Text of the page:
Social media helps researchers study a social phenomenon

Jun 24 2014


IMAGE_story_Euromaidan_video_conferenceIn November 2013, a simple, peaceful demonstration against a political move pulling Ukraine out of the association agreement with the European Union quickly evolved into protests against violence and corruption. People in Ukraine immediately took to YouTube, Twitter and Facebook, instantly connecting people many time zones away with the events of the social phenomenon called Euromaidan.

Roman Petryshyn, director of MacEwan University’s Ukrainian Resource and Development Centre (URDC), says using the same technology that drove Euromaidan to study the events just made sense.

“When the news broke, we met with our colleagues at the University of Alberta and decided to try to involve the academic community in this process as it was happening – providing commentary and analysis much more quickly than the traditional process of publishing articles. It has been amazing to see the feelings and reflections of scholars and students change and evolve in the midst of these events.”

Conducting research in real time

Partnering with universities in Ukraine, they formed the Contemporary Ukraine Research Forum and built a web-based platform for researchers and students in both countries and around the world. Here, they began documenting and studying several aspects of Euromaidan – folklore and culture, media and communication, and politics and social structure.

One of those researchers was Jeff Stepnisky, chair of sociology at MacEwan University, who is researching cosmopolitan identity on the maidan.

“It has been invaluable to be able to talk to people in Ukraine about the events and their perceptions of events as they’ve been unfolding in real time,” says Jeff. “I was used to spending months and months studying a particular phenomenon and then only writing about it after I was comfortable with my understanding of it. Keeping up in real time feels riskier because you’re blogging about things and doing quick analyses that may or may not be accurate. That’s been challenging, but it’s been exciting too.”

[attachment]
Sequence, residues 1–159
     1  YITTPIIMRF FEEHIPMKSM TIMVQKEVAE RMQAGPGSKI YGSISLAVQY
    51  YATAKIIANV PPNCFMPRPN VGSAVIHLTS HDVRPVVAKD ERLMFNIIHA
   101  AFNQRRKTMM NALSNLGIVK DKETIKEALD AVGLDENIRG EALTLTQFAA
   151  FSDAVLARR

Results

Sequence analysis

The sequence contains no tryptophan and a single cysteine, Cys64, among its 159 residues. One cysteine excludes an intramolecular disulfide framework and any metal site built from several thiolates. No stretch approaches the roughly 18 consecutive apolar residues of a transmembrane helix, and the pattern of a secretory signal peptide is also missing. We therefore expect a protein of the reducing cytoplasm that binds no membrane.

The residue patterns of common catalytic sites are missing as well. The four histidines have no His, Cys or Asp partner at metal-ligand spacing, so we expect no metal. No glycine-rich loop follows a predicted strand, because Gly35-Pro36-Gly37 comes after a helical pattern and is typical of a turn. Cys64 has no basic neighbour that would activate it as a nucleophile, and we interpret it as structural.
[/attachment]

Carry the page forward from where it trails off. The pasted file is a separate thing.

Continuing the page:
Community invited to participate in international video conference on June 26

What began as a six-month electronic experiment is culminating with an international video conference on Thursday, June 26. Researchers from MacEwan University, the University of Alberta, the National University of Kyiv-Mohyla Academy and the Ukrainian Catholic University will present nine- to 12-minute videos of their work that will be directly integrated with Twitter. It’s a state-of-the-art approach that Roman hopes will interest researchers as well as people in the community.

“We have had a lot of interest in the Edmonton community and invite everyone to participate,” says Roman.

Video will be live streamed from 8:30 to 11 a.m. MST at http://euromaidan-researchforum.ca. Anyone can provide feedback and ask questions in real time via Twitter by tweeting at @EuromaidanForum or by posting on the Facebook page Contemporary Ukraine Research Forum: The Case of Euro-Maidan.

All presentations and Twitter discussions will also be archived on the site so they can be accessed after the conference.